The majority of London's primary school teachers think they can not talk about homosexuality in the classroom.
A survey found only 11% of teachers knew they could discuss gay issues, such as same-sex parents, in front of children.
The polling by Stonewall reveals primary school teachers in London are significantly less likely than their peers across the country to know whether they are allowed to teach about lesbian, gay or bisexual issues.
It found 35% of teachers in Scotland, 29% in the rest of the south, 24% in the north and 22% in Midlands and Wales, knew they could talk about homosexuality.
Speaking to ITV News, the Education Secretary Michael Gove accused teachers of going on strike only because many oppose performance related pay, which would see the best teachers paid more.
The Education Secretary, Michael Gove, wrote to both teaching unions in March to say he was willing to meet them to discuss their dispute. But he also insisted that the "direction of travel" on two of their key issues - pay and pensions - was "fixed".
Today, Michael Gove said: "The picture these union leaders paint is of a profession which no-one rational would wish to join - a profession which is unattractive, unrewarding and unfulfilling.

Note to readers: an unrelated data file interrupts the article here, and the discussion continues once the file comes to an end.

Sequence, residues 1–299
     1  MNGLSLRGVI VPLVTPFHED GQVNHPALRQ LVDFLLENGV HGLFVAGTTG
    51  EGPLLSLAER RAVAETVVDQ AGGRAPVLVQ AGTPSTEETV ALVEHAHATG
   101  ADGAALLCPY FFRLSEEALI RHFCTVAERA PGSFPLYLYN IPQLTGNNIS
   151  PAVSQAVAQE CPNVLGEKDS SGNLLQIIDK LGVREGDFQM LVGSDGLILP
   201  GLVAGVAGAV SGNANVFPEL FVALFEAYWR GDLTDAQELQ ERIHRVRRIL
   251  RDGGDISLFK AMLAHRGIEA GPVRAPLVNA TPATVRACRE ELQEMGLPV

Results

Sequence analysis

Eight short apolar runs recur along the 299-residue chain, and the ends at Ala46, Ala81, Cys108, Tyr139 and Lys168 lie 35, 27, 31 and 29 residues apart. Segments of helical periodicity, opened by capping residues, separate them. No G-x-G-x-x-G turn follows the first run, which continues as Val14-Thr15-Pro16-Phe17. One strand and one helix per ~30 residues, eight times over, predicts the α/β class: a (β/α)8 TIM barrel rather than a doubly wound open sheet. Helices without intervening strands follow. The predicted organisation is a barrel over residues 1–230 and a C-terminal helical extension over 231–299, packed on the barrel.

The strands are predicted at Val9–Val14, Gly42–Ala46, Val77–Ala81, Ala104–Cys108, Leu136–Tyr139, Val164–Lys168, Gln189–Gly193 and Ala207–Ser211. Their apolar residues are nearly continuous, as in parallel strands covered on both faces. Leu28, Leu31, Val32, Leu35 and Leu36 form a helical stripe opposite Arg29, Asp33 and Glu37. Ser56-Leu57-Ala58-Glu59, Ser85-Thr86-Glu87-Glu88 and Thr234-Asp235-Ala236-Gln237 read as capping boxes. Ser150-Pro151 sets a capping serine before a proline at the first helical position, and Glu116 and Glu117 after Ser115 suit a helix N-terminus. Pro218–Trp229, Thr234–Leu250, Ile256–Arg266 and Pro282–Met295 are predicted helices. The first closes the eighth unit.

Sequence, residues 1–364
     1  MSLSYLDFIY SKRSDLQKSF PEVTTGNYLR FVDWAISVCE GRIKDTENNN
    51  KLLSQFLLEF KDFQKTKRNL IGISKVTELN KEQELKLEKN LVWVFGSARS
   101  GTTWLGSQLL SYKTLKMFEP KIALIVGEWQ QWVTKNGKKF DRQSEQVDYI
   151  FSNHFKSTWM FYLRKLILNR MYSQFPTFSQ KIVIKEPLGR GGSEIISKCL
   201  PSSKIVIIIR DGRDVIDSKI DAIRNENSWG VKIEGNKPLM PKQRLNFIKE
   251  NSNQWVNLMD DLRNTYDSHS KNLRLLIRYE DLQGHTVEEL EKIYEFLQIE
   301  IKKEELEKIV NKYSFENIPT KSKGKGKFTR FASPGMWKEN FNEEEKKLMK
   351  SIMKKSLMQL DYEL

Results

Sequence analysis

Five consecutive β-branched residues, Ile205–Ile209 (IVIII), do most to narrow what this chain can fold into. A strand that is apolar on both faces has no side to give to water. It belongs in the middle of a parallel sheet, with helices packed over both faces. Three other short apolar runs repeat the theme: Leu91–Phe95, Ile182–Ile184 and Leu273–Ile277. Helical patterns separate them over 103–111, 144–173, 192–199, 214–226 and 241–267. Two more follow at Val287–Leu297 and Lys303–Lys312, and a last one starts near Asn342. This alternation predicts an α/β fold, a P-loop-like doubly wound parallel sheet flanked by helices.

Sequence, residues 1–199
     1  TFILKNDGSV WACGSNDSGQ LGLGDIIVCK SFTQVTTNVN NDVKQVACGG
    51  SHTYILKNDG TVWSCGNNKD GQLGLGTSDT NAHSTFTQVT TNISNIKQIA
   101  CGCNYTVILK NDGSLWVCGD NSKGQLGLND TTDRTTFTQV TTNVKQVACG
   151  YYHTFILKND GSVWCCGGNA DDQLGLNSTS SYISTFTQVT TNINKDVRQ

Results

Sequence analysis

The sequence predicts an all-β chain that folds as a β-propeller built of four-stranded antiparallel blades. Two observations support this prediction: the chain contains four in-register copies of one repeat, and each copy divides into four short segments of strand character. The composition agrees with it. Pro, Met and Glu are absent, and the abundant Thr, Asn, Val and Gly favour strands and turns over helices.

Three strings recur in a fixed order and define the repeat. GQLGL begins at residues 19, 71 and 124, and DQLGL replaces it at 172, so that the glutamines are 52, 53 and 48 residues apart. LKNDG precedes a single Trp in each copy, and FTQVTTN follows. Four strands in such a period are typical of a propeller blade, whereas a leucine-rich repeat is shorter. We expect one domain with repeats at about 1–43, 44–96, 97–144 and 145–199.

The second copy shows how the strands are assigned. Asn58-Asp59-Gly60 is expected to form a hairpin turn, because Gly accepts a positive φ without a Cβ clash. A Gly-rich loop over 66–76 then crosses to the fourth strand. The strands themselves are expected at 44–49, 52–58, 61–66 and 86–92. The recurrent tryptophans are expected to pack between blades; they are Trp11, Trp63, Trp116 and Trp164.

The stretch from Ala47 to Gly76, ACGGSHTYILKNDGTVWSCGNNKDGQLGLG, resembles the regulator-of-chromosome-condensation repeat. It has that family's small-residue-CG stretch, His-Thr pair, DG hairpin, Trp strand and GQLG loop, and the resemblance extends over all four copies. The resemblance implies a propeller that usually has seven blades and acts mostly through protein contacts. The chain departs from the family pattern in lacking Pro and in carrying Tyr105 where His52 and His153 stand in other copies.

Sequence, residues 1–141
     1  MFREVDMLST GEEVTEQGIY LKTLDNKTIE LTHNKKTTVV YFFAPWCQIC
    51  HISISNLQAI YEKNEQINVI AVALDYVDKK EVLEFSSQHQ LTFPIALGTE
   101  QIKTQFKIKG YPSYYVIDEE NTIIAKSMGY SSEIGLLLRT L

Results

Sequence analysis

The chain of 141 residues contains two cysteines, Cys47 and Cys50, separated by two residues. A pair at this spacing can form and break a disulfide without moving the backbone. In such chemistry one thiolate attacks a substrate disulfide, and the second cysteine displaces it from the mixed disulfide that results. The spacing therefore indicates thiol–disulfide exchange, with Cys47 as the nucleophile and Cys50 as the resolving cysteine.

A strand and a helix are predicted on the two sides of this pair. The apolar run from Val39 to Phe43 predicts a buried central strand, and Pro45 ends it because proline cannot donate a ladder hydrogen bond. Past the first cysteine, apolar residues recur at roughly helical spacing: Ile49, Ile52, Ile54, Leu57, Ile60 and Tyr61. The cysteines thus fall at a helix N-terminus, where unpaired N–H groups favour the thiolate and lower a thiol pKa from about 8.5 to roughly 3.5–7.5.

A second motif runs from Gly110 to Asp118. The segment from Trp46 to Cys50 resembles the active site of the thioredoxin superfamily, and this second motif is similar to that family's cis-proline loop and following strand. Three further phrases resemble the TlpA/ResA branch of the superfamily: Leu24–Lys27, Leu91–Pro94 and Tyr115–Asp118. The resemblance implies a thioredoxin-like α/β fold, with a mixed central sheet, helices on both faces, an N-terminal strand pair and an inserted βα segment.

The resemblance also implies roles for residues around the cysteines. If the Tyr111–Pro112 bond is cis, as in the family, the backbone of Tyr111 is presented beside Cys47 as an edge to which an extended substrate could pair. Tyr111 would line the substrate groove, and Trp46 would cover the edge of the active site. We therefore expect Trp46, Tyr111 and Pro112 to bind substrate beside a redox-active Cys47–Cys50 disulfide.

"The truth, however, is very different - teaching, as a profession, has never been more attractive, more popular or more rewarding."
Teachers in London will walk out on strike on October 17, with a second day of action expected to follow before Christmas. The action is being taken by members of two unions, the NUT and NASUWT.
Teachers at Copland Community School in Wembley staged their second strike today against the proposed imposition of academy status.
Teaching staff and supporters then marched on Brent Civic Centre, dumping an effigy of Education Secretary Michael Gove in the 'dustbin of history' to loud cheers.
Footage was taken by Martin Francis:
A crisis-hit school was closed today by teachers striking against plans to turn it into an academy.
Teaching unions from ATL, NASUWT and NUT at Copland Community School in Wembley called upon the Labour led Council to stop assisting Education Secretary Michael Gove's forced academy programme.
Teachers and lecturers from across London will be going on strike tomorrow, in a row over changes to their pensions.
Members of the University and College Union and the National Union of Teachers will march through central London before holding a rally outside the Education Department in Westminster.
A map of the proposed route can be seen here.
London Tonight would like to hear from you if you're likely to be affected by the strike. Get in touch to share your views at firstname.lastname@example.org